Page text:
The SARS-CoV-2 virus, which causes COVID-19, cannot be recovered after it has been applied to the TrioMed Active mask from i3 BioMedical Inc, according to researchers at the University of Toronto. The mask’s external surface deactivates more than 99% of the coronavirus suspension within minutes, the researchers added.
“The TrioMed Active Mask is the first and only respiratory protection that is scientifically proven to deactivate the virus causing COVID-19, therefore drastically reducing the risk of contamination for the wearer,” said Pierre Jean Messier, founder and CEO of i3 Biomedical.
“Our company spent years and millions of dollars to develop this interactive antimicrobial technology. The resulting products are used by the medical community around the world and have been tested by independent laboratories to kill numerous microbes such as MRSA, VRE, E coli, Staphylococcus aureus, influenza virus, and now SARS-CoV-2,” Messier said.
The patented antimicrobial technology is at the core of the company’s entire line of medical products, i3 BioMedical said, including wound dressings, medical tapes, gloves, headwear, gowns, and other personal protective equipment. Also, the coating material remains directly coupled to the outside surfaces of masks instead of leaching into the environment or onto the skin.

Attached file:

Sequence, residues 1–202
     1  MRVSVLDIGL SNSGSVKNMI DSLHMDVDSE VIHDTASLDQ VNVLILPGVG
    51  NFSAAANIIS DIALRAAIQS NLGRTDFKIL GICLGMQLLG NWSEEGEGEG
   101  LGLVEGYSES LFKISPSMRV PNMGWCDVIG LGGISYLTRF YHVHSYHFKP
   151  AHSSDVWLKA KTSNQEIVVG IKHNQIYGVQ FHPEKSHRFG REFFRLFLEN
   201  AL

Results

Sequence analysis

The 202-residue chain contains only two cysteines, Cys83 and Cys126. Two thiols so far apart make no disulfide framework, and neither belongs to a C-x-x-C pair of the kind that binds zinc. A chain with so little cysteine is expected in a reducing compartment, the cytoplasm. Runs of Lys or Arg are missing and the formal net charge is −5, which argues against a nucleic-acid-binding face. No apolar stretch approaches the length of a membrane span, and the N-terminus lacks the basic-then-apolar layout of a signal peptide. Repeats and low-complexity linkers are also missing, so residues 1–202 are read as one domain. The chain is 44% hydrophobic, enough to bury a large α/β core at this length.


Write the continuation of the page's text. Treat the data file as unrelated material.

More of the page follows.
In addition to deactivating more than 99% of SARS-CoV-2, the masks:
- Deactivate more than 99% of influenza virus H1N1
- Provide greater than 99.9% viral filtration efficiency
- Provide greater than 99.9% bacterial filtration efficiency
- Meet the ASTM F2100 Level 3 standard
- Meet the European Medical Device standard EN 14683 Type IIR
- Provide a five-year shelf life
The masks are especially beneficial for healthcare workers who are at risk of contamination by touching or adjusting their face masks, the researchers said, as the coronavirus can remain present and infectious on the outer layer of masks for up to seven days.
“A big challenge for most people in the population who usually never wear surgical masks is comfort and fit. Because of this, people tend to be constantly adjusting their masks,” said study leader Scott Gray-Owen, PhD, of the university’s Faculty of Medicine Department of Molecular Genetics.
“So they’re either contaminating their hands or, if their hands are contaminated, they’re contaminating a mask that’s close to their face and maybe even depositing the virus there, which they might then inhale,” said Gray-Owen, who also is the director of the faculty’s high-tech containment level three lab, which conducted the study.
The study, “Stability of SARS-CoV-2 in Different Environmental Conditions,” was published by The Lancet Microbe.